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We use uncountable nouns or plural nouns to talk generally about something, and we use the definite article "the" with singular nouns or uncountable nouns when the context is specific.

Now I don't understand why "the" is not used in the first 4 cases? This is very confusing especially when you compare them with the last group of examples which follows the above rule.

The BBC: There are a range of laws that help to promote equality and social justice in Northern Ireland.

The Guardian: Indeed, no other diagnosis has had a more dramatic impact on law and social justice in the USA.

The Financial Times: “The remarkably small increase in unemployment in the eurozone reflects the success of the government job subsidy schemes and an exodus from the labour force in Italy,” said Andrew Kenningham

The Guardian: I immediately encountered the differences between higher education in the US and higher education in the UK.

The Telegraph: Where is the social justice in a country where a privileged few have such enduring dominance and the best chance of success in life?

The BBC: She also said she had a "real desire to see the social justice in our country turned around"

The New York Times: The Trump administration accused Chinese citizens of stealing scientific research and told the country's diplomats in Texas to leave

The Independent: VIPKid has set itself apart by recruiting American teachers and positioning its services as similar to the education in top US schools.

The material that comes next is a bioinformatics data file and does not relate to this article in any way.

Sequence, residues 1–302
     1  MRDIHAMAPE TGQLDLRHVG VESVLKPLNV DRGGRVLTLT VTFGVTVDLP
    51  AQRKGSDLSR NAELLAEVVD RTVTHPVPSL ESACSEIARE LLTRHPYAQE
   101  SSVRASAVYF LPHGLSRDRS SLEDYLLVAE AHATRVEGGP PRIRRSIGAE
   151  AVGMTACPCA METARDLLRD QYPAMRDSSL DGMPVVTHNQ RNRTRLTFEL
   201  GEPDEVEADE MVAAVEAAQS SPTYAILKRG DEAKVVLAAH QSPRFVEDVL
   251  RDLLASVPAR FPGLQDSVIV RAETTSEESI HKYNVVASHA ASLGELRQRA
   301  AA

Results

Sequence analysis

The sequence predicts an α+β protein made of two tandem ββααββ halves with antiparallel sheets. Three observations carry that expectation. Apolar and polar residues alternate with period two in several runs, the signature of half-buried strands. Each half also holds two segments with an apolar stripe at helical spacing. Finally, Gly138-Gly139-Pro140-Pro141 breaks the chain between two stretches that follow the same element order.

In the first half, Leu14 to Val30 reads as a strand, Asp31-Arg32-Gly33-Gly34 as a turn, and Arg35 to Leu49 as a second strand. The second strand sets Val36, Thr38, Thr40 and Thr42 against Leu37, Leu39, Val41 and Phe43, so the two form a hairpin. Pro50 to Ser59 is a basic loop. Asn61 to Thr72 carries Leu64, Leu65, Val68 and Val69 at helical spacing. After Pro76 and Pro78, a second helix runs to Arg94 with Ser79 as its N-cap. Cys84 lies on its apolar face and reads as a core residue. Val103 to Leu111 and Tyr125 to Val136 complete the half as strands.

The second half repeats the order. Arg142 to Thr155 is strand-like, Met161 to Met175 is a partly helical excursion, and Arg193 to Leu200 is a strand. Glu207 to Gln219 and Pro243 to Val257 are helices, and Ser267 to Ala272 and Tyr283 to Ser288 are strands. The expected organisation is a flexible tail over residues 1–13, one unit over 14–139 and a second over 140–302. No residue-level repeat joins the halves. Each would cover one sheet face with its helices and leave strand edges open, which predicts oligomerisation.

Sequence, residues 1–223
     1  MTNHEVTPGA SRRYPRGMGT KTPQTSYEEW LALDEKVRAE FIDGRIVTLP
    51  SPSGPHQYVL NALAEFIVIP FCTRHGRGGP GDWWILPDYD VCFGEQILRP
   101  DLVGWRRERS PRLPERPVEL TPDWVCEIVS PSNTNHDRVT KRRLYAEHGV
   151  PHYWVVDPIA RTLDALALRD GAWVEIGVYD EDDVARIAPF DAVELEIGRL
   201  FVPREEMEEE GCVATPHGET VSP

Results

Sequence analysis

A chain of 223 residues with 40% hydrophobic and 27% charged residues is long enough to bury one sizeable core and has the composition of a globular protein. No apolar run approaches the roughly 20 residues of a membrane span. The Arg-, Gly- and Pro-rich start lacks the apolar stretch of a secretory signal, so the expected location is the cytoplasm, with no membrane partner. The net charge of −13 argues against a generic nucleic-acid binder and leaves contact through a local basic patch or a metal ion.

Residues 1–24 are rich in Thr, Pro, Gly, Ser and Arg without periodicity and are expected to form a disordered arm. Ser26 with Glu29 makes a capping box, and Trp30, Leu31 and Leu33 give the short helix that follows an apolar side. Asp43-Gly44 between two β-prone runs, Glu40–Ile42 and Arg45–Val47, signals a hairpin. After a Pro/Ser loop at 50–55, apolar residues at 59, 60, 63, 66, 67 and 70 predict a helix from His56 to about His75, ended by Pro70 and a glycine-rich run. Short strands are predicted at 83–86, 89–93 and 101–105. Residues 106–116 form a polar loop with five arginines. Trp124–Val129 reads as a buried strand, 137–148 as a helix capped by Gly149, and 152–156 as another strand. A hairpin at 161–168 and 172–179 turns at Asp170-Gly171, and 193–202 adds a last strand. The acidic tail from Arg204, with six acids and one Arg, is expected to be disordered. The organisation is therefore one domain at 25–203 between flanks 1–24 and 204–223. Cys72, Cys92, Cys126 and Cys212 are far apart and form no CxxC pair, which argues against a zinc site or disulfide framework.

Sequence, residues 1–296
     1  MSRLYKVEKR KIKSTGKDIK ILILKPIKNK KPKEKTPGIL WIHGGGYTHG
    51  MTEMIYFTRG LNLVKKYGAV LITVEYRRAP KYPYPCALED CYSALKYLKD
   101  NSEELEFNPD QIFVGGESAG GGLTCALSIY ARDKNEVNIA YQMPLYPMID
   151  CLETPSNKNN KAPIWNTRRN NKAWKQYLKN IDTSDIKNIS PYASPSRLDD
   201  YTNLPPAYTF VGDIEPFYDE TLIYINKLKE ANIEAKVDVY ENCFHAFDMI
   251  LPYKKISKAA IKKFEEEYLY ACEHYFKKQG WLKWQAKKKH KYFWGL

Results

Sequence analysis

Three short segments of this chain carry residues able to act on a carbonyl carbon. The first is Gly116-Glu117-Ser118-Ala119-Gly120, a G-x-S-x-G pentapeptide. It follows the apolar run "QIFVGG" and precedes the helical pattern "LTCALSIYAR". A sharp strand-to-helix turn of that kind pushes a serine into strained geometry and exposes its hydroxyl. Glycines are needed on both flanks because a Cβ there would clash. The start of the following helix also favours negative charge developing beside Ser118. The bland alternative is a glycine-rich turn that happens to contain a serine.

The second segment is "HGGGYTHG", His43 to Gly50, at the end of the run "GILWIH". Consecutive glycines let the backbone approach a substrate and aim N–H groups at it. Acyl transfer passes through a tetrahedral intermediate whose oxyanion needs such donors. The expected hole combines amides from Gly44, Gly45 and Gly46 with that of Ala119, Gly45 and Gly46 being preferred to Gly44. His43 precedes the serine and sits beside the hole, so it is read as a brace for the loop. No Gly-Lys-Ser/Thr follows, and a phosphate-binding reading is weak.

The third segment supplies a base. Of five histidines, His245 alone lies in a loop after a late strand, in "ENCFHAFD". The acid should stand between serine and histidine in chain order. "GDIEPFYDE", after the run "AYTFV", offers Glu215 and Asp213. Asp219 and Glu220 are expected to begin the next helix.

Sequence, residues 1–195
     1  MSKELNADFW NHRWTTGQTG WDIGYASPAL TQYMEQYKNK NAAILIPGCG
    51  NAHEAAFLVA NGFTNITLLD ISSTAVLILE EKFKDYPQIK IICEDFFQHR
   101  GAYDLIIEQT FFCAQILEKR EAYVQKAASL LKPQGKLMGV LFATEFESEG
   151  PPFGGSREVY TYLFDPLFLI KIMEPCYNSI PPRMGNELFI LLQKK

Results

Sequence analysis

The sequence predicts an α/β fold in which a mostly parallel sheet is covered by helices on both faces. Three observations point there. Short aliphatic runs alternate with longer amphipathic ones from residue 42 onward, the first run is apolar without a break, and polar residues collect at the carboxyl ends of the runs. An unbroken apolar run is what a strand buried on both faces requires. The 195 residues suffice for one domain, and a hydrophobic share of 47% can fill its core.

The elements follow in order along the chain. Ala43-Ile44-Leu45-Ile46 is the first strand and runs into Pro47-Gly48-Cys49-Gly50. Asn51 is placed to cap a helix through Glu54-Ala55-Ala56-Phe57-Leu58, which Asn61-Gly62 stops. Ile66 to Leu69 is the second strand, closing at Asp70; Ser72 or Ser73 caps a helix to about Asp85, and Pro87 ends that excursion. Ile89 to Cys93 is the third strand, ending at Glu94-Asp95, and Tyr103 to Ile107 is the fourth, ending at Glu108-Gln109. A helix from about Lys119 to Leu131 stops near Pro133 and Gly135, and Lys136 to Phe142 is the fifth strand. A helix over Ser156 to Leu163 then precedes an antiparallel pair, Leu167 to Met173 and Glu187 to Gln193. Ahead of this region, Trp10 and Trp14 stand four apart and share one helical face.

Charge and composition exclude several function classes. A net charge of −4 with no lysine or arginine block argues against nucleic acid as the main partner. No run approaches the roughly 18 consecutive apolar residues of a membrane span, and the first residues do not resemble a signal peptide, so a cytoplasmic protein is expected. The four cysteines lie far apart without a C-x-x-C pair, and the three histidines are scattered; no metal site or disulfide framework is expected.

The Guardian: Dr Tyson insisted that all the evidence showed that very few jobs had been lost in the West because of this threat. "Almost all of the unemployment in the West has been caused by the dramatic drop in demand," she said.

The Guardian: The World Bank knows it: the education of girls is the surest way in the world of reducing poverty.

The Guardian: (Strangely, the same liberal democracy has apparently been able to survive the unemployment of millions of blue-collar workers. But we will let that pass.)

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  • What do you mean?? the is used in the first three cases, just not with Northern Ireland. Also, your second set of uses makes this question much too broad. It does not make sense to ask about country names mixed with together with other uses of the, no determiner, plural and a.
    – Lambie
    Aug 2 '20 at 15:12
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Why isn't the definite article used in these cases although the context is specific?

"The is sometimes used with uncountable nouns in the same way it is used with plural countable nouns, that is, to refer to a specific object, group, or idea." (owl.perdue.edu)

You can speak about "social justice", as a general and universal concept, as it applies in Ireland.

or

You can speak about "social justice" which is only occurring in Ireland.

It's a very small and subtle difference, and ultimately might mean almost the same thing. But sometimes you can say (almost) the same thing in two different ways.

"unemployment" in Ireland

The general universal concept of "unemployment"... but then thinking about Ireland.

"the unemployment" in Ireland

This is more specifically "unemployment only in Ireland".

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  • Please don't repeat the OP's grammar mistake...
    – Lambie
    Aug 2 '20 at 15:00

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